"LETTER from LONDON": MOLLIE PANTER-DOWNES BRINGS WORLD WAR to the NEW YORKER

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Abstract

This article argues that, through her regular "Letter from London"column, British writer Mollie Panter-Downes was a key fgure in transforming "The New Yorker"from a humorous weekly into a serious venue for literature and political content after World War II. This transformation, moreover, involved a recasting of individual experience in terms of global realities. Total war necessitated language and style that would make vast, seemingly incomprehensible events meaningful, but not overwhelming, to the individual subject. Drawing on material from the New Yorker records at the New York Public Library, I show how Panter-Downes's literary journalistic aesthetic facilitated this sea-change.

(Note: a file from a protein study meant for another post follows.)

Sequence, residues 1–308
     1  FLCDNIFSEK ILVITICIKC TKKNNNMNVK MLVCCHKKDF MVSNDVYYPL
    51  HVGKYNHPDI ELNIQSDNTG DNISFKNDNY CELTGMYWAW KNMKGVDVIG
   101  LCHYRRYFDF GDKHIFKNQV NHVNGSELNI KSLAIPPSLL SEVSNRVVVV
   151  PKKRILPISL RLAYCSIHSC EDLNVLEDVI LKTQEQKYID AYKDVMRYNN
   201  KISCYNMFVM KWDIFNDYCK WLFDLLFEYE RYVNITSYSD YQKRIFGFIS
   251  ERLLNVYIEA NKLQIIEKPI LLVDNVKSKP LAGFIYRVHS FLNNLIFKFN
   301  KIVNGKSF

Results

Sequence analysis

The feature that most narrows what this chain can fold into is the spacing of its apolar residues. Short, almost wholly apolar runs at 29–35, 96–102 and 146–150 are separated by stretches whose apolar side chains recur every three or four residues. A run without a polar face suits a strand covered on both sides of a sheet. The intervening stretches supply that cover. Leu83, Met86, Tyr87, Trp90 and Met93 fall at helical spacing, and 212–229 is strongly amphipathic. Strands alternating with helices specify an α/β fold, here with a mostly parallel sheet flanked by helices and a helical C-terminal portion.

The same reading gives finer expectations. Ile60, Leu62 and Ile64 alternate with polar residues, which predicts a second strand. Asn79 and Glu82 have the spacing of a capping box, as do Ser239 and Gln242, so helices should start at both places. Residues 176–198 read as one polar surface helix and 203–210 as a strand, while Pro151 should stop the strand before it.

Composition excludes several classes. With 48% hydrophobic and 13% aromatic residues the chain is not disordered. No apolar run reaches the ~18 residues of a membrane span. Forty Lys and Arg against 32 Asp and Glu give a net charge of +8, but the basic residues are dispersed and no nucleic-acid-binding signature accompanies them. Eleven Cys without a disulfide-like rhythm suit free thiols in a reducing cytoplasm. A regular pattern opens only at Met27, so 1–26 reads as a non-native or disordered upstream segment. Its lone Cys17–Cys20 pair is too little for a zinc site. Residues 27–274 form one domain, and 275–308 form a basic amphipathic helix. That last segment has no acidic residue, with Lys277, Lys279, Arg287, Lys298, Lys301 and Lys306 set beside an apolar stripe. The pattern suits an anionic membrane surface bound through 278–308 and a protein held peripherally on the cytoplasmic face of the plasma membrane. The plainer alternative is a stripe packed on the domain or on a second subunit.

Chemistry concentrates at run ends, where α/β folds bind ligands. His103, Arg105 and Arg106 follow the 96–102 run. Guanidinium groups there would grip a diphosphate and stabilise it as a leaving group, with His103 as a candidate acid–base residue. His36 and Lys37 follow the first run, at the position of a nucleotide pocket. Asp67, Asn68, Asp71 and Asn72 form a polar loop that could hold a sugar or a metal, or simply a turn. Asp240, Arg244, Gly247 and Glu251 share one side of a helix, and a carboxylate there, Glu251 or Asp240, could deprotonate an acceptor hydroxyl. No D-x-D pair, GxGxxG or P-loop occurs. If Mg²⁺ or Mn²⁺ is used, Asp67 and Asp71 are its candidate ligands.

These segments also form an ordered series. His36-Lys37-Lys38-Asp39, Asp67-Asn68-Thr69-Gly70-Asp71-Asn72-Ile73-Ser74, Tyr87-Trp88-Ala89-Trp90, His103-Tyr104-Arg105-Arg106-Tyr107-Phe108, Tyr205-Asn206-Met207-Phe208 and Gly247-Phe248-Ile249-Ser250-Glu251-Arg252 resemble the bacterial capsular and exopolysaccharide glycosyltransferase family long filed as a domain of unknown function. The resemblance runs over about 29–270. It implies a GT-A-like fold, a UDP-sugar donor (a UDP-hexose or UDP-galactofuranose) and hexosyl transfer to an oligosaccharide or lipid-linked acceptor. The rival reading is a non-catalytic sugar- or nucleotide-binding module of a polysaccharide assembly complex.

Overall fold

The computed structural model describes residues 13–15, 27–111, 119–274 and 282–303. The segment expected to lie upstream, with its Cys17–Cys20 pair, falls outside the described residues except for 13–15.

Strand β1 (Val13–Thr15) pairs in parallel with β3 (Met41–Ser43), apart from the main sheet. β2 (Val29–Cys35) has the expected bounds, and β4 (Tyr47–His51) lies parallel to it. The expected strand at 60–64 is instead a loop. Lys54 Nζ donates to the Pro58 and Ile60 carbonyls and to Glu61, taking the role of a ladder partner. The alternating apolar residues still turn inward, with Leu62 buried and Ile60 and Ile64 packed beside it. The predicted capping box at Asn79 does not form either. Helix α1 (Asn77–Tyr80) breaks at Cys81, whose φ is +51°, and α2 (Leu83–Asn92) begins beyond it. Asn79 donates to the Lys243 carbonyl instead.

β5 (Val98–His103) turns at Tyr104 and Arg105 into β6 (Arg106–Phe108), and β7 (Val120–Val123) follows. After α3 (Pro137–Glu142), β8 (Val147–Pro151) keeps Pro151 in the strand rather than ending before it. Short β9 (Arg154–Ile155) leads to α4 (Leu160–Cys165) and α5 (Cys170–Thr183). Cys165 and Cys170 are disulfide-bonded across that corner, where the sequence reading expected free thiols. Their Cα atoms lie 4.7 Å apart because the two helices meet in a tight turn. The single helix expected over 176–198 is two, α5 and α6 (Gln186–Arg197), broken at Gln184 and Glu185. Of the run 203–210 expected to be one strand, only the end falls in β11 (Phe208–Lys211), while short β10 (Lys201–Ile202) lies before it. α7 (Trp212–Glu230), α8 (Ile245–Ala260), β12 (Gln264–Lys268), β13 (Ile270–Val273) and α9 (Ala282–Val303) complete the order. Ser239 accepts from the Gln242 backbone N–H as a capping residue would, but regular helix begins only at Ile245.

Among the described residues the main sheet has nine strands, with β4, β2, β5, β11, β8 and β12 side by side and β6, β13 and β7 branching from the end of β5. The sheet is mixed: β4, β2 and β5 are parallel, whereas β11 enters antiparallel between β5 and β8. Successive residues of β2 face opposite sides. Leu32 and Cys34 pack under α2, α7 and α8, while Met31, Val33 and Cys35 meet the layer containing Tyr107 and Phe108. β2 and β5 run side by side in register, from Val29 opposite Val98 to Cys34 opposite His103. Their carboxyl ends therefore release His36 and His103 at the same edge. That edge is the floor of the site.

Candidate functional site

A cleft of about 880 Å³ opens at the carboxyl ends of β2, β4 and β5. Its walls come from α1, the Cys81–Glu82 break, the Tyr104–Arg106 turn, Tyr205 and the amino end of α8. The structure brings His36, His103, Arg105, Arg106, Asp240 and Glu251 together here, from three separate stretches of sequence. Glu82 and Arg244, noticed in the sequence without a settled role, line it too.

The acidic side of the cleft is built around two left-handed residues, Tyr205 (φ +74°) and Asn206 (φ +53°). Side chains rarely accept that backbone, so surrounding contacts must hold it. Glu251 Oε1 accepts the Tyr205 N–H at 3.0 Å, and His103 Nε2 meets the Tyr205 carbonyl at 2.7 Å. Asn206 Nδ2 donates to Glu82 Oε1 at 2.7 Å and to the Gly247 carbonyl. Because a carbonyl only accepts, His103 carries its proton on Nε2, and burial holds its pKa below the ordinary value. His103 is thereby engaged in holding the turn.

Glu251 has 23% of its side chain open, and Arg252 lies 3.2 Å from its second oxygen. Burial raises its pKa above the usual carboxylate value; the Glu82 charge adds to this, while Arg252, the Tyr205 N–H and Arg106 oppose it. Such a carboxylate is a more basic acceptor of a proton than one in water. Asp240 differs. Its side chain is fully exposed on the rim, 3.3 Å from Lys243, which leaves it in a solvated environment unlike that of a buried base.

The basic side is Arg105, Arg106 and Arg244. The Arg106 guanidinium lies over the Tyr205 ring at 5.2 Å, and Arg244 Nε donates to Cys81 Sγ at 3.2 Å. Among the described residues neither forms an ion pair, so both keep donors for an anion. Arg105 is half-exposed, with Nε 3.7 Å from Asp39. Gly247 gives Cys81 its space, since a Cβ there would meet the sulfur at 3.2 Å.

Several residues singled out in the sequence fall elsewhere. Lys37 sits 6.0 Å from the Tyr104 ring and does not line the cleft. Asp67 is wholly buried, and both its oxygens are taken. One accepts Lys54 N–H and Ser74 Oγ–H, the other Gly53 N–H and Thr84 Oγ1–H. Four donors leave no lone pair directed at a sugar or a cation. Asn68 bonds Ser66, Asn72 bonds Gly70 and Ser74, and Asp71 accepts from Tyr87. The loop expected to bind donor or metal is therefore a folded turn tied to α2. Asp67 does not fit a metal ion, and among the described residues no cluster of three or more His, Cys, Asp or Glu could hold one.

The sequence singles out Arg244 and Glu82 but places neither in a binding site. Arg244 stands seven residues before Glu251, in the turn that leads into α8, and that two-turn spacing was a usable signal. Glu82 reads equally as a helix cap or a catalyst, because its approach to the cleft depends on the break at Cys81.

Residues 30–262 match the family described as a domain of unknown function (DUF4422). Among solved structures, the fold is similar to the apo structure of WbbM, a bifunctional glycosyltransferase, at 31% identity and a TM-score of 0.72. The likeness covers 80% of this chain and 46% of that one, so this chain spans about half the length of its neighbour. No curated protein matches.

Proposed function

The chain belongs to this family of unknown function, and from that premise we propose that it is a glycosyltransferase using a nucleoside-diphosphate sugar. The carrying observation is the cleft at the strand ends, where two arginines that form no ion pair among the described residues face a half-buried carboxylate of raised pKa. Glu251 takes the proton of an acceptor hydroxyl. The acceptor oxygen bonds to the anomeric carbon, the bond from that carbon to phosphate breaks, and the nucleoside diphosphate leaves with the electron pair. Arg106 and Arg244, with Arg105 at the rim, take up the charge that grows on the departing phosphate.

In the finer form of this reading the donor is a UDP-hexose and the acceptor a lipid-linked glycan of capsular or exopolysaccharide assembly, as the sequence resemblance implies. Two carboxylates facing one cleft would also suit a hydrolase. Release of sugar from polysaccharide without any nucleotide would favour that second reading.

Original languageEnglish (US)
Pages (from-to)158-177
Number of pages20
JournalJournal of Modern Periodical Studies
Volume12
Issue number2
DOIs
StatePublished - 2021

Bibliographical note

Publisher Copyright:
Copyright © 2021 The Pennsylvania State University, University Park, PA.

Keywords

  • Intermodern documentary
  • Middlebrow
  • Mollie Panter-Downes
  • The New Yorker
  • World War II

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